Google Earth

Google Earth

Google Inc.
58.20 MB
Security Verified
Security Verified
Editor's Choice: Google Earth

Google’s attempt to map the entirety of Earth presents users with a beautiful view of the blue planet and all of its micro details.

Google Earth is a 3D rendering of the globe that is made possible by millions of photographic images. Satellites orbiting Earth constantly take new photos of areas, which are then added to the rendering database.

As a result, users can zoom in on nearly any location in the world, without ever having to step foot there. Zooming in can take users close enough to see the flowers on their own doorstep, whereas zooming out can show Earth as a total sphere.

However, the service has expanded to offer far more than just global exploration. Users can now add their own photos, or create a project that marks various locations throughout the globe. Projects can then be shared or altered from any device, as they are stored in Google Drive.

Yet, the most impressive feature may be Google’s “I’m feeling lucky” button. Once clicking the button, users are transported to a totally random area of the planet and provided with a boatload of information about that specific place.

All in all, Google Earth does a great job rendering the planet in a 3D model and showing just how fascinating the different areas of the world truly are.

3D rendering application that displays Earth on a macro & micro level.

The sky is anything but the limit with Google Earth.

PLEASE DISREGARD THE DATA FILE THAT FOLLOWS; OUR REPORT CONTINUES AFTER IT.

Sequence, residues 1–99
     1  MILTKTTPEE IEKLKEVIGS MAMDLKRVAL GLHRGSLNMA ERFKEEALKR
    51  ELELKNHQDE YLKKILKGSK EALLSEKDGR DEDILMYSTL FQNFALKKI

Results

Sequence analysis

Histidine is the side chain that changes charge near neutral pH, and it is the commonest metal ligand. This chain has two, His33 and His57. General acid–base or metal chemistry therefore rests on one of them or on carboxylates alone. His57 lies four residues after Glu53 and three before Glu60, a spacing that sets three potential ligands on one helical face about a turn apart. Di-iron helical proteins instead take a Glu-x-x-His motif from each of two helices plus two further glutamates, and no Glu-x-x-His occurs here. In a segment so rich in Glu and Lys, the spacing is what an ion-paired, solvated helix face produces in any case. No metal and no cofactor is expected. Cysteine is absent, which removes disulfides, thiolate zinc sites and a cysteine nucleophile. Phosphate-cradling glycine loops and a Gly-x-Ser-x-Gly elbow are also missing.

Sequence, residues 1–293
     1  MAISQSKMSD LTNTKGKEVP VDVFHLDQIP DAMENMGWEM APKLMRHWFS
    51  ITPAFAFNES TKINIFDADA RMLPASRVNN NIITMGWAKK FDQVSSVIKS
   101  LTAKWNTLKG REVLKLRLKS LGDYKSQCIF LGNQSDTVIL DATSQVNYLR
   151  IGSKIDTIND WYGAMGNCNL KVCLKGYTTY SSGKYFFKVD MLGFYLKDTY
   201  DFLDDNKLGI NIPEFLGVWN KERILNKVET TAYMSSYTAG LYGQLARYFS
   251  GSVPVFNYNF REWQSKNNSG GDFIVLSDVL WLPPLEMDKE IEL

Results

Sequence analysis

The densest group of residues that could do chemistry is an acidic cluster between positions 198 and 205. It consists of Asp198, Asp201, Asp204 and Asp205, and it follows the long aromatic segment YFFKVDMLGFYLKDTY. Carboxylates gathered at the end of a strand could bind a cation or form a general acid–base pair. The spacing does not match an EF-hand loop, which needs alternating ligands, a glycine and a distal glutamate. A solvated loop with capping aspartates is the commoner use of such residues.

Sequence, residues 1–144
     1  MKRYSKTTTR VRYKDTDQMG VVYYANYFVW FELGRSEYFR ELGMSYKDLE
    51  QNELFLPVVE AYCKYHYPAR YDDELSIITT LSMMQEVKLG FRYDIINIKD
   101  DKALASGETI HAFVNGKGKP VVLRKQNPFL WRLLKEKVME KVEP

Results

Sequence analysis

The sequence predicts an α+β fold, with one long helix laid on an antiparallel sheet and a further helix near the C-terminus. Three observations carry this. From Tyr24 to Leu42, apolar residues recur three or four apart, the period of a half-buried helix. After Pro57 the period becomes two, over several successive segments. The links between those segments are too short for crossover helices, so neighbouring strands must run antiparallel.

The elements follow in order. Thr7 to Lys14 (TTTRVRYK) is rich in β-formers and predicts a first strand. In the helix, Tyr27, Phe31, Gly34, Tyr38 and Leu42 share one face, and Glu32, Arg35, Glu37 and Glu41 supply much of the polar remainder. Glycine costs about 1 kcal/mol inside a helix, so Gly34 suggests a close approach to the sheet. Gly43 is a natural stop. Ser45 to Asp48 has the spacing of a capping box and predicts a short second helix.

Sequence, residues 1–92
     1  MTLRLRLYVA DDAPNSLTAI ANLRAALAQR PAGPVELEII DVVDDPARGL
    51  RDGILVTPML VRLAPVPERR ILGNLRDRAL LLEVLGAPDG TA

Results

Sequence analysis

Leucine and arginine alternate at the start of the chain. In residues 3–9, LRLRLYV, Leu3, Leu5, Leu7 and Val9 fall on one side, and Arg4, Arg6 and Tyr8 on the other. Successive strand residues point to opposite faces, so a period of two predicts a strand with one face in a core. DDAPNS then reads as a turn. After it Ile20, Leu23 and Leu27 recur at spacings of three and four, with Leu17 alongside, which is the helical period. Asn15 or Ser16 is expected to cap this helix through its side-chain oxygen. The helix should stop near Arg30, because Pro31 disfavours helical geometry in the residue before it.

Google Earth is the mega search engine’s in-house 3D modeling system of planet Earth. But what exactly does it do, and why does it exist?

The answer is simple. Google Earth is designed to provide the most accurate renderings and photo models of the blue planet. It accomplishes this by collecting photos from satellites, and seamlessly merging them together. With the service, users can view the planet in its full entirety, or zoom in enough to see the address on their own home.

As a result, Google Earth can be used for a variety of purposes. Can it be an educational tool to explore photos of foreign capitals and cities? Absolutely. Can it be a map that guides users home after moving to a new city? Definitely. And can it be used as a custom map where users draw lines, drop pins, and add their own photos? Certainly.

The truth is, Google Earth is the revolutionary tool that allows users to explore more of Earth than ever before.

So visit Japan, Australia, South Africa, France, Chile, or anywhere else without ever having to leave home.

● Unlimited Exploration – Explore dozens of different countries, capitals, and natural landscapes with three-dimensional photos and videos. Zoom in to explore the micro details of a city, or zoom out to take in all of the macro details and skylines.

● Custom Projects – Create custom maps and markings to show where you’ve been or where you’re going. Customized projects can be opened from Drive, and loaded onto any device that has the software installed.

● I’m Feeling Lucky – Hop to a random destination anywhere on the globe, while learning about all of its fascinating facts and history. Google utilizes its abundance of information to provide users with an in-depth explanation of thousands of cities and landmarks.

Explore all of the beauty that mother Earth offers with incredible photo renderings from Google.

Google Earth can be accessed from any web browser on PCs, laptops, smartphones, or tablets.

Astro Says:

  • Provides virtual viewing of the world
  • Includes lots of unique information
  • Beautiful views of Mars and the moon
  • Uses a lot of memory
  • Doesn't work with poor internet connections